“Your face is marked with lines of life, put there by love and laughter, suffering and tears. It’s beautiful.” — Lynsay Sands
Just like with everything else, anti-aging skincare and any rejuvenation treatments should focus primarily on health, with “looks” being the secondary purpose.
Aging is a natural occurrence, and there is beauty in it. However, society can put pressure on us to pay extra attention to wrinkles and other imperfections that are normal as we age. Lucky for us, there is a plethora of over the counter and professional help to assist us in rejuvenating ourselves inside and out.
“We live in a time where the ability and choices in aesthetic care are greater than they ever have been before,” shared Dr. Tom Gallaher, board-certified plastic surgeon and founder of Gallaher Plastic Surgery & Spa. “However, in my opinion, the individual seeking these treatments should be driven by their own goals and not by external factors or peer pressure.”
The Normal Aging Process
Once again, let’s ask: what are the normal effects of the aging process on our appearance? And, more importantly, what are the factors that contribute to skin health? Skin is one of the largest organs of our body (accounting for 15% of our body weight and covering about 20 square feet!) and its health is affected by intrinsic and extrinsic factors. Intrinsic factors include DNA, buildup of damaging products of cellular metabolism, and increasing biological aging of the cells. Extrinsic factors are environmental and behavioral elements such as exposure to sun and UV radiation, hydration, nutrition, stress, lack of sleep, and exposure to toxins in tobacco and alcohol.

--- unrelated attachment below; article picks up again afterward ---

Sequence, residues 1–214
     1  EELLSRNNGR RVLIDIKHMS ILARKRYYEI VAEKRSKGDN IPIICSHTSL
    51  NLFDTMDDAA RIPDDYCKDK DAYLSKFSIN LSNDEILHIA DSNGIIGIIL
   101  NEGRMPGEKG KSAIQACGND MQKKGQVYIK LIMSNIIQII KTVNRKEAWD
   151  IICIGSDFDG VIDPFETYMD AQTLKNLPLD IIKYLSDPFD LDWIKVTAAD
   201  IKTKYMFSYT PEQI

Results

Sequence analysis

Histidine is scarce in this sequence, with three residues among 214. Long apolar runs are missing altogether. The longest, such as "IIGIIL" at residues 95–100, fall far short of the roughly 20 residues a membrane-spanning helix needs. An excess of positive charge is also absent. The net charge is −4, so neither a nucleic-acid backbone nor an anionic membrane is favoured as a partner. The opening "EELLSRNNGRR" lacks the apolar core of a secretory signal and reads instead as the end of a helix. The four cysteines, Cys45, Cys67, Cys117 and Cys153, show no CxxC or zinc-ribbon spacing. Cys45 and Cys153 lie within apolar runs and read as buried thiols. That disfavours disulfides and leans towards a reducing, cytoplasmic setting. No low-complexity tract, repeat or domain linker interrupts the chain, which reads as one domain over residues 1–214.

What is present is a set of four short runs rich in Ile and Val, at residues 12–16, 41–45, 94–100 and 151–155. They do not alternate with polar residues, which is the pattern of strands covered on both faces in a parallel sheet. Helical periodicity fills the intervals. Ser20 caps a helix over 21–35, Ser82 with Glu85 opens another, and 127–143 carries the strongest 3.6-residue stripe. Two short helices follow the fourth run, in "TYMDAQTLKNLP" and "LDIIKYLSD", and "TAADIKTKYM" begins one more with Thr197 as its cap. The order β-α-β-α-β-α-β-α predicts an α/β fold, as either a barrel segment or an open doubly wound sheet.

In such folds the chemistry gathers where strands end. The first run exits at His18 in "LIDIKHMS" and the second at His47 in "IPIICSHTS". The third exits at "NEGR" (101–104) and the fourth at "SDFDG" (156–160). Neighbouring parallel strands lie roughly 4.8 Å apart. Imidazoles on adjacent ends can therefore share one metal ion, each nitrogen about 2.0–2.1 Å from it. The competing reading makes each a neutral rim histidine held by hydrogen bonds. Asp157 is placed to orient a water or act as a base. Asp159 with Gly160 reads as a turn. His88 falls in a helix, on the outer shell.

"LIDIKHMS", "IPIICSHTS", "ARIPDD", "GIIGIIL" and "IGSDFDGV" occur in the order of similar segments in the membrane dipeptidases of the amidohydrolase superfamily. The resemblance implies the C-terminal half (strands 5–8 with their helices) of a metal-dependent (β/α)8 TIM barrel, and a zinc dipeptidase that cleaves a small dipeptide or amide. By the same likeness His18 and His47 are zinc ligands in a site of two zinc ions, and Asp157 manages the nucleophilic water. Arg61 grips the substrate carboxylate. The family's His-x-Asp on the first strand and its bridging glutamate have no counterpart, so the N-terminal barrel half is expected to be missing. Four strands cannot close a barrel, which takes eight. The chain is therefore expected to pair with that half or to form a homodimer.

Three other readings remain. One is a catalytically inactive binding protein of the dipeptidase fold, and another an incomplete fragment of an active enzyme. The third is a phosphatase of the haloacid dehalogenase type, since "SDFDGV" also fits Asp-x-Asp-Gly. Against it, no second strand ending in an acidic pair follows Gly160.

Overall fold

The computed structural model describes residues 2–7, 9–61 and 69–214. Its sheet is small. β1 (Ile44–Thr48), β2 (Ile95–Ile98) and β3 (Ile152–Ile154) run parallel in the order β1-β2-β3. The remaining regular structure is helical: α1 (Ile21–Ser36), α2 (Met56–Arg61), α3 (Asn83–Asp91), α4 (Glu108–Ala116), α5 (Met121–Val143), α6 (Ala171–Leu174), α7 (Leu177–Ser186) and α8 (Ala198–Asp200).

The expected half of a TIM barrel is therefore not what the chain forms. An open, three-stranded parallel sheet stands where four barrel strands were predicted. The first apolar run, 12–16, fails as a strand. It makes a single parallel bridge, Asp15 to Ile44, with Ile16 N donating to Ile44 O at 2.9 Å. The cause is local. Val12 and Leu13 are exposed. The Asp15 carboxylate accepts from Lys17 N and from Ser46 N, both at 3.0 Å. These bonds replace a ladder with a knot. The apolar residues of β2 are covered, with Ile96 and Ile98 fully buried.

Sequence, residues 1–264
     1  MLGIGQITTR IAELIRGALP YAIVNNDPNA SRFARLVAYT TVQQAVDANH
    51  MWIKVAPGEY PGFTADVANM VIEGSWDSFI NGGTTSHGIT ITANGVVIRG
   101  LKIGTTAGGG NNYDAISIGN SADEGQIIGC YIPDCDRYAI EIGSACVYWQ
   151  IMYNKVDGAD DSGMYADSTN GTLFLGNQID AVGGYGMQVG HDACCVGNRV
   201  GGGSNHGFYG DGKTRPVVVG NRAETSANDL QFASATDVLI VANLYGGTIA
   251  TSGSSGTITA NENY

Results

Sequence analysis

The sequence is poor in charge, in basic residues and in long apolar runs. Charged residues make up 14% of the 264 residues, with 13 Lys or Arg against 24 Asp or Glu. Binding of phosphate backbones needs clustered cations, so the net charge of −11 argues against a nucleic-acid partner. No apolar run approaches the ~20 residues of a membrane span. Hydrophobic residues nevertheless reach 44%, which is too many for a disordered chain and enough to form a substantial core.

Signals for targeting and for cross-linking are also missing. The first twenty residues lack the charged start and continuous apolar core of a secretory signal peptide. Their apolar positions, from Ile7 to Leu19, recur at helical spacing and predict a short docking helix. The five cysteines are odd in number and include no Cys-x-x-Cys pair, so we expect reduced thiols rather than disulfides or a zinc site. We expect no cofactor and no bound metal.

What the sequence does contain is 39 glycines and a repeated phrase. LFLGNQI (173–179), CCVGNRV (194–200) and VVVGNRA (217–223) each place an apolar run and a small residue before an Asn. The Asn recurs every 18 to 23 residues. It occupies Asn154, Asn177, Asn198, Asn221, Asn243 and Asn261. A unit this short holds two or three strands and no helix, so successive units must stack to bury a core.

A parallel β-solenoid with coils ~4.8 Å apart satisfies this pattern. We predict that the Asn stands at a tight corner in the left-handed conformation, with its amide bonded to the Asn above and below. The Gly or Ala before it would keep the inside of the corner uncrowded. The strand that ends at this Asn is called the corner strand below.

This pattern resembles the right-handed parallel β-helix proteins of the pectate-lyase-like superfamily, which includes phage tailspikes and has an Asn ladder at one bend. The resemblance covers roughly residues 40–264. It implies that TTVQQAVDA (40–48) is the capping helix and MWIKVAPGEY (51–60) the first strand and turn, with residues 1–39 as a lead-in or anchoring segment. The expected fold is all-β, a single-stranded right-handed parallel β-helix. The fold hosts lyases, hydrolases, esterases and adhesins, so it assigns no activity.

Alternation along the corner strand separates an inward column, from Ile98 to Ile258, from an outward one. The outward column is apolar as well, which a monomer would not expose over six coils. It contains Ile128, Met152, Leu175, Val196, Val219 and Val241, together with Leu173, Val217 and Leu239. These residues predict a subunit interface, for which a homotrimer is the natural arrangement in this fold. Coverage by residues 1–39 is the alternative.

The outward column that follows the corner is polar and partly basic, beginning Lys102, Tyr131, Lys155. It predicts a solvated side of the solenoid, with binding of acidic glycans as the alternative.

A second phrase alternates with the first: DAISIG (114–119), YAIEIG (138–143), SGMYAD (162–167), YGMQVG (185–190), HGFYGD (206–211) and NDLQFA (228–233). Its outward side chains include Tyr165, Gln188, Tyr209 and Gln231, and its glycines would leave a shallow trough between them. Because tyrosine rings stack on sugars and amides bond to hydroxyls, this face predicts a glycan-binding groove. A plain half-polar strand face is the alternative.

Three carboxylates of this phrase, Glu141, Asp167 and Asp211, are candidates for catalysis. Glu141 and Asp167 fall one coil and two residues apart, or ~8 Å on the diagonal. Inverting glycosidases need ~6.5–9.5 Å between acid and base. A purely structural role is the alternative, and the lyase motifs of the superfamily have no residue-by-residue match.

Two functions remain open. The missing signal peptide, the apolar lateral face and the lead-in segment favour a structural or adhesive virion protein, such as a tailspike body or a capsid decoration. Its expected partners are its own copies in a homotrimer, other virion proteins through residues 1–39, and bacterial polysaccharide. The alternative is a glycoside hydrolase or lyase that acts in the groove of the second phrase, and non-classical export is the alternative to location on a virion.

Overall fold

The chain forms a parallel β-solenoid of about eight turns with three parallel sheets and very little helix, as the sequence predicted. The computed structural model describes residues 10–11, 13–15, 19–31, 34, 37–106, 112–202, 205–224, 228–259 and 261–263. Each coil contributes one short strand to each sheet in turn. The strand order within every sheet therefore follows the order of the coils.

Normal aging effects are diminished skin elasticity (collagen loss) and hydration (loss of hyaluronic acid), thinning of the epidermis (surface layer of the skin), increased bruising potential and sagging (due to fatty tissue loss under the skin and thinning of the blood vessel walls), dry skin (less hyaluronic content and sebum production), and of course wrinkles.
How to Fight the Aging Process
In our previous article, The Search for the Fountain of Youth Begins at Home, we discussed at-home care and daily habits to help us age well. But when should we start a skincare routine? According to specialists, a healthy routine should start as early as childhood. This doesn’t mean applying cosmetics or doing anything extreme, but simply building good habits that protect our skin from damage.
As we age, we can help our outer appearance look healthier through skincare products and daily routines; aesthetic medicine such as injectables (fillers; mesotherapy), laser treatment, chemical peels, or cryogenics (cool sculpting); plastic surgery; or osteoaesthetics (focused on improving the inner body function which translates outwardly on improved appearance). Let’s examine each option and hear from local Knoxville area experts on how they can help.